Well, for a few reasons… I’ve kept a Tumblr for very long time and I post anything I come across that I find interesting/relevant to my work. I want to make sure that I'm using and engaging with this research, as it’s really easy to just post things and forget about them, so I thought that making posters was a good way of forcing myself to use and digest these references. Secondly, it’s not always that easy to make work, so forcing myself to do a weekly task is a good way to keep me both thinking and making. Creating posters is a new way of working for me too, but I like that each one feels like a mini-exhibition; a number of curated objects, working together on the page.
Q4: Share an example from your Tumblr page.
It’s not really an example, but at the moment I’m really interested in a musician called Hannah Peel. She has this amazing album out called ‘Mary Casio: Journey to Cassiopeia’ inspired by the parallels between space travel and the human mind. It’s just great. She has these incredible live visuals too done by an artist called Daniel Conway. http://neasaterry.tumblr.com/post/165576635947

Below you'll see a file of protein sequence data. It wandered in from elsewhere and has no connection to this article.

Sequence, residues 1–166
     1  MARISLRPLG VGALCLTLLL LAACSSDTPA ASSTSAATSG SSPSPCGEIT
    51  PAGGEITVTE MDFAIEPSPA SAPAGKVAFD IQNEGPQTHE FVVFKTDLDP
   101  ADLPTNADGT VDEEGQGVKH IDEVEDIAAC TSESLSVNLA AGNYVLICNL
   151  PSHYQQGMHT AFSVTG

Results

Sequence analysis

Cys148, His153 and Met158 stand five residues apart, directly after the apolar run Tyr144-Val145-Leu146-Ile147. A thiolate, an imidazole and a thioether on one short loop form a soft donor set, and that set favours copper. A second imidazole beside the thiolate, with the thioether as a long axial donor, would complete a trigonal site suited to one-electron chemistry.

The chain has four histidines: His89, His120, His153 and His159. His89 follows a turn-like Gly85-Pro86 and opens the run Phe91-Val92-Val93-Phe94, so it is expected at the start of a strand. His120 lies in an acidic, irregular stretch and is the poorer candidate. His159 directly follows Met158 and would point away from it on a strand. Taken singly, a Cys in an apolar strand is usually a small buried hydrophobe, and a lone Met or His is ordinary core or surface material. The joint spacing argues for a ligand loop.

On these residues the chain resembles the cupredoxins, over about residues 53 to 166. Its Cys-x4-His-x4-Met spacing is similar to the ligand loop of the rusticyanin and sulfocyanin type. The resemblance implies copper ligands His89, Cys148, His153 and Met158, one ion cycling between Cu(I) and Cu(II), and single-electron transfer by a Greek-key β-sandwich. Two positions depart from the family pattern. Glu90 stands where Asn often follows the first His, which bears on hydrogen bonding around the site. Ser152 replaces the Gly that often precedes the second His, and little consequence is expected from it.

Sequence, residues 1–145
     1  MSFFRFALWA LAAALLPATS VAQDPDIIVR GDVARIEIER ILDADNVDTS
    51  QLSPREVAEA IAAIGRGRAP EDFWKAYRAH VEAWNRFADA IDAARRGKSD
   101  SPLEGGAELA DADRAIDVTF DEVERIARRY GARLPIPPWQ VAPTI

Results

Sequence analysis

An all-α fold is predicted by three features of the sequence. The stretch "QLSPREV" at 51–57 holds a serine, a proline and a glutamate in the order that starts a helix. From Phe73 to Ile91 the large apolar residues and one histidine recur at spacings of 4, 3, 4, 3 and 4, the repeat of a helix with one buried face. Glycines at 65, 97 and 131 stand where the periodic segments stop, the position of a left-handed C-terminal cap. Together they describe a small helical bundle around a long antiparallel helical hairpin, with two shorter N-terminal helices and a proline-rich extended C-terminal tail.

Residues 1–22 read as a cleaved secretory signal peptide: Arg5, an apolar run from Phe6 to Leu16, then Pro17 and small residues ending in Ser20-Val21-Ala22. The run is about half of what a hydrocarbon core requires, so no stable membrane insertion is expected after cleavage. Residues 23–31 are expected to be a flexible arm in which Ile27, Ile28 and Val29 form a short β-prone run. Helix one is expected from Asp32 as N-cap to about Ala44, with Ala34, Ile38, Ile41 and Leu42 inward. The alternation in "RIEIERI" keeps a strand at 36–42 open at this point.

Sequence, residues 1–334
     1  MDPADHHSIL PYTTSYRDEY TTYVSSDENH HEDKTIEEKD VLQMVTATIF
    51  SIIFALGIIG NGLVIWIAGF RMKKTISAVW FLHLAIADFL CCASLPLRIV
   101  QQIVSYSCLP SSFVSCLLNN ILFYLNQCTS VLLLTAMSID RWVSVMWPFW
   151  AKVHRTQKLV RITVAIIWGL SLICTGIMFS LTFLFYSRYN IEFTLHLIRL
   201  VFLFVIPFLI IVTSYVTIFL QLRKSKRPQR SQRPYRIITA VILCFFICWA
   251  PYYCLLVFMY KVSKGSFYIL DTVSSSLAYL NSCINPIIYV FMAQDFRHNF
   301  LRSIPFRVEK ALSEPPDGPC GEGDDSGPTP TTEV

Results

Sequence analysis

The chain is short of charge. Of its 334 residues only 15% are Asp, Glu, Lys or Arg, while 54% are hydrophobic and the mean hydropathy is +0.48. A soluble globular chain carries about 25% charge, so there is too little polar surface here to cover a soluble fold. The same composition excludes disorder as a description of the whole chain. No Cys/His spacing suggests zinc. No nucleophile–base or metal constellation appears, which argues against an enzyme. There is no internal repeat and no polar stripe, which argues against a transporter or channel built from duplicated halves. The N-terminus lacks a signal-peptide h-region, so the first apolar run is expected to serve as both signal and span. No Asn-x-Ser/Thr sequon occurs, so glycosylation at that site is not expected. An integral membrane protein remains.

Q5: What is it that interests you in mechanical reproduction?
I spent 6 years studying printmaking, so I’ve had an interest in multiples, reproductions and copies for a long time. I’ve also had to read Benjamin’s ‘The Work of Art in the Age of Mechanical Reproduction’ a lot.
Earlier this year I started reading about the Edison tone tests; tests carried out by the Edison company at the start of the 20th Century into the fidelity of their phonographic mechanical reproductions. These tests, conducted in front of an audience, pitted human against machine, with the audience apparently marvelling at being unable to differentiate between the two. In Nick Seaver’s ‘This Is Not a Copy: Mechanical Fidelity and the Re-enacting Piano’, he describes the climax of these tests as “the ‘dark scene’, when the lights would be dimmed and the audience, imagining they were listening to a live performance, would suddenly find they had in fact been hearing an Edison recording”. As a trained printmaker, the question of the fidelity of the mechanical reproduction has always been especially pertinent. In the reproduction of ourselves, we stare and marvel at our recreations, yet are repulsed by their clunky ineptitude. Under the cloak of the dark scene the line between human and machine is blurred.